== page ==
Richard Austen Butler, Baron Butler of Saffron Walden, , generally known as R. A. Butler and familiarly known from his initials as Rab, was a prominent British Conservative politician. The Times obituary called him "the creator of the modern educational system, the key-figure in the revival of post-war Conservatism, arguably the most successful chancellor since the war and unquestionably a Home Secretary of reforming zeal." He was one of his party's leaders in promoting the post-war consensus through which the major parties largely agreed on the main points of domestic policy until the 1970s, sometimes known as "Butskellism" from an elision of his name with that of his Labour counterpart Hugh Gaitskell.Born into a family of academics and Indian administrators, Butler enjoyed a brilliant academic career before entering Parliament in 1929. As a junior minister, he helped to pass the Government of India Act, 1935. He strongly supported the appeasement of Nazi Germany in 1938–39. Entering the Cabinet in 1941, he served as Education Minister . When the Conservatives returned to power in 1951 he served as Chancellor of the Exchequer , Home Secretary , Deputy Prime Minister and Foreign Secretary .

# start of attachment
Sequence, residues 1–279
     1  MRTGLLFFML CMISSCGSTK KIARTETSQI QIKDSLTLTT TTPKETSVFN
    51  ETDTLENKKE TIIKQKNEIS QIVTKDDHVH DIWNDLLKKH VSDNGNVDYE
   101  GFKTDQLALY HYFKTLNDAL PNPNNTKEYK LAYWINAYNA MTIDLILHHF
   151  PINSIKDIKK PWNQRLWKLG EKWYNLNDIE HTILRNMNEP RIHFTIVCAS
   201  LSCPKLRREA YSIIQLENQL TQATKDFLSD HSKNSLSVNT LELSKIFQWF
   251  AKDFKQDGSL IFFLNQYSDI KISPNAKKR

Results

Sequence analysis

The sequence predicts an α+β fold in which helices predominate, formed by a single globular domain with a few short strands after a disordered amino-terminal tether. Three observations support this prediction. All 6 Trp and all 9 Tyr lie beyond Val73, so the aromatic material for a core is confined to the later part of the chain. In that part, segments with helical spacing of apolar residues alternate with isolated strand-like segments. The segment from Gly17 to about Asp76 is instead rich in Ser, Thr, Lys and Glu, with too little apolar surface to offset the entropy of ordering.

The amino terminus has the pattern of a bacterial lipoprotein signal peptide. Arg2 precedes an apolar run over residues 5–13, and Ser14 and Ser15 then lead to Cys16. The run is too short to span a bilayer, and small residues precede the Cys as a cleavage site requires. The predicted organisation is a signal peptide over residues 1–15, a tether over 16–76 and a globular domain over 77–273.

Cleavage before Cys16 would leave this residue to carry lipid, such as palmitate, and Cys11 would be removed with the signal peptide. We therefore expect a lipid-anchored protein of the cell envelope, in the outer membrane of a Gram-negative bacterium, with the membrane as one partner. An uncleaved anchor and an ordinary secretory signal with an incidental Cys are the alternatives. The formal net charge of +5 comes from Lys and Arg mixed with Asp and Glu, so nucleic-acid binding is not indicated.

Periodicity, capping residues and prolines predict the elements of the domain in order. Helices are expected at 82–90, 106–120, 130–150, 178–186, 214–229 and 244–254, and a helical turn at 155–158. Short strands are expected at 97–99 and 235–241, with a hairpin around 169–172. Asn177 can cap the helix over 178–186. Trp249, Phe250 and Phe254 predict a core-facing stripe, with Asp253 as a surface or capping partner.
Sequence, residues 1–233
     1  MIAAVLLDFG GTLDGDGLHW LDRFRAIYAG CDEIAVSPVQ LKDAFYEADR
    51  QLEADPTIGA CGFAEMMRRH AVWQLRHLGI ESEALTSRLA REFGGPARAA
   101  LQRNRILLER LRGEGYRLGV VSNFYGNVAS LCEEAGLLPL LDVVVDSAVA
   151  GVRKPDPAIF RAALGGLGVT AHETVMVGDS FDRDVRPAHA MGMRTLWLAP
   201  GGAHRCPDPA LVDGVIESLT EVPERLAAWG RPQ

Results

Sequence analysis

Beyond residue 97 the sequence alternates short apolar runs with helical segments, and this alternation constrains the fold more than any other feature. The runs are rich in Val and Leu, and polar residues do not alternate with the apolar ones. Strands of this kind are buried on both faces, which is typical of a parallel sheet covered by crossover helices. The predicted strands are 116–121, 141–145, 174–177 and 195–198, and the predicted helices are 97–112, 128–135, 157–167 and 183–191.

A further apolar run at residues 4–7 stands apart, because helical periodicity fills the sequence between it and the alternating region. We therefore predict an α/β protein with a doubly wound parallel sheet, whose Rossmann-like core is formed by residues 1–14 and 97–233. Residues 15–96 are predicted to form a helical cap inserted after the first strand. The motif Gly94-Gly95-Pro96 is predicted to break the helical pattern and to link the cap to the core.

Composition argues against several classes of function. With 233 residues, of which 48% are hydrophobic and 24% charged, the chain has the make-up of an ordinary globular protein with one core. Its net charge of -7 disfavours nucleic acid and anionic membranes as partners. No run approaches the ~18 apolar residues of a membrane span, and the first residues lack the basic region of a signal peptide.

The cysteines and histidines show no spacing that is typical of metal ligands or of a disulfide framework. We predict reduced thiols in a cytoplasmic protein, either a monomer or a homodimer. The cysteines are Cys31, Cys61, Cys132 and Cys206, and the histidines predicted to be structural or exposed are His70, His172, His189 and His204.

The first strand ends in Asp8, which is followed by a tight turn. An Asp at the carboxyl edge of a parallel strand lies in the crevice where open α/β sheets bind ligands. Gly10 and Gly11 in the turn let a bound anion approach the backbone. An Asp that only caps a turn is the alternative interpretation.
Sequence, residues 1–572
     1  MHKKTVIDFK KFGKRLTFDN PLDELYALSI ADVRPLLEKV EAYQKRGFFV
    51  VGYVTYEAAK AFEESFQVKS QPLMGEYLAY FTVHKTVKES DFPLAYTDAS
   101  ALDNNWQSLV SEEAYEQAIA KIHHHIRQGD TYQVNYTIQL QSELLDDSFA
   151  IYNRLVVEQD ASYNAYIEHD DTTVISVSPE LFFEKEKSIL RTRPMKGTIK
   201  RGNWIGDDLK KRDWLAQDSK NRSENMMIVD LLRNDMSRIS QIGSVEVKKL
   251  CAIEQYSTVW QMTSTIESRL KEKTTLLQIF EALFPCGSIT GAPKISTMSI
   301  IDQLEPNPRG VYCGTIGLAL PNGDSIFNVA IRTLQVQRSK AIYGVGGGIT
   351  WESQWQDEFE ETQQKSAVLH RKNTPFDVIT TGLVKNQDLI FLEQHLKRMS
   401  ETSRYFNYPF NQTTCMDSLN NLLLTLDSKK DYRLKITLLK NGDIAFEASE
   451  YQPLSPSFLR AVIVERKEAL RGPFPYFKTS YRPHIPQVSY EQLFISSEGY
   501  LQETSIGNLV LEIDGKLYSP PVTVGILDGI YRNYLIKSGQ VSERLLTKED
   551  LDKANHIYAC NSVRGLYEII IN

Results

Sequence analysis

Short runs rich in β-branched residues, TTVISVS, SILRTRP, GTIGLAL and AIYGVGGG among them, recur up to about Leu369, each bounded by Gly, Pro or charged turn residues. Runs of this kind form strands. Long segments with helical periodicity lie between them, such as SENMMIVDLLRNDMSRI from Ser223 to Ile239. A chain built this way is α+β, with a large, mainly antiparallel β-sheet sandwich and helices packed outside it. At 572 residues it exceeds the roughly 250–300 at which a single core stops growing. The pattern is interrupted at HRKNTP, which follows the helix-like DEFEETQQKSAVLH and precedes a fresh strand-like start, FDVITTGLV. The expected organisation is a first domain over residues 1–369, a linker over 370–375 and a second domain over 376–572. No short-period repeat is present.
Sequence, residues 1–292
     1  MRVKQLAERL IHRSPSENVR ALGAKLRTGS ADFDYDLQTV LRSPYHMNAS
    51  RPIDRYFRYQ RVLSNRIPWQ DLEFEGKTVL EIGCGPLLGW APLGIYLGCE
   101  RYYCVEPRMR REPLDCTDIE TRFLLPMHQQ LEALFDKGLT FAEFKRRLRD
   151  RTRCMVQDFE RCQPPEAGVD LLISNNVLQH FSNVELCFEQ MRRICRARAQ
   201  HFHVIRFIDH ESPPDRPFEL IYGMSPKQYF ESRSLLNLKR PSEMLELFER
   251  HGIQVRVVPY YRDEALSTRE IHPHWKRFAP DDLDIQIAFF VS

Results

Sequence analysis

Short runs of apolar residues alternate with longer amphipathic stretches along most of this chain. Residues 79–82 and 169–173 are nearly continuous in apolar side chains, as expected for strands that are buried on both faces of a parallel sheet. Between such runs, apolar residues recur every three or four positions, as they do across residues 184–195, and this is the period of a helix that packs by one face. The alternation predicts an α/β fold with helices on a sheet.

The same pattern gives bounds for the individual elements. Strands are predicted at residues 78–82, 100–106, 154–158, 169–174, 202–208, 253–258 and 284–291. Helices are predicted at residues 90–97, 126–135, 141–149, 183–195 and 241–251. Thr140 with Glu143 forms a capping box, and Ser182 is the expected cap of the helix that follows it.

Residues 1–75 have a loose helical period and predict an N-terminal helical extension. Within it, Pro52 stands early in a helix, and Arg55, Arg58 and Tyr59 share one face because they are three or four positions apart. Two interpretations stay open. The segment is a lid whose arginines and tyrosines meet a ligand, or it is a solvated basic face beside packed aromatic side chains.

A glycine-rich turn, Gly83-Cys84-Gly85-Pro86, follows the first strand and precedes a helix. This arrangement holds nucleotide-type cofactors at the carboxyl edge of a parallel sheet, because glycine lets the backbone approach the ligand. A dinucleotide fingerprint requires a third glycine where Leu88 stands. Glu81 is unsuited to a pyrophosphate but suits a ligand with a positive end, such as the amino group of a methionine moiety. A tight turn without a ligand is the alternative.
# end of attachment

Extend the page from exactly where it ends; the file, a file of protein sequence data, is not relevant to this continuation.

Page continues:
Butler had an exceptionally long ministerial career and was one of only two British politicians to have served in three of the four Great Offices of State but never to have been Prime Minister, for which he was passed over in 1957 and 1963. At the time, the Conservative Leadership was decided by a process of private consultation rather than by a formal vote. After retiring from politics in 1965, Butler was appointed Master of Trinity College, Cambridge.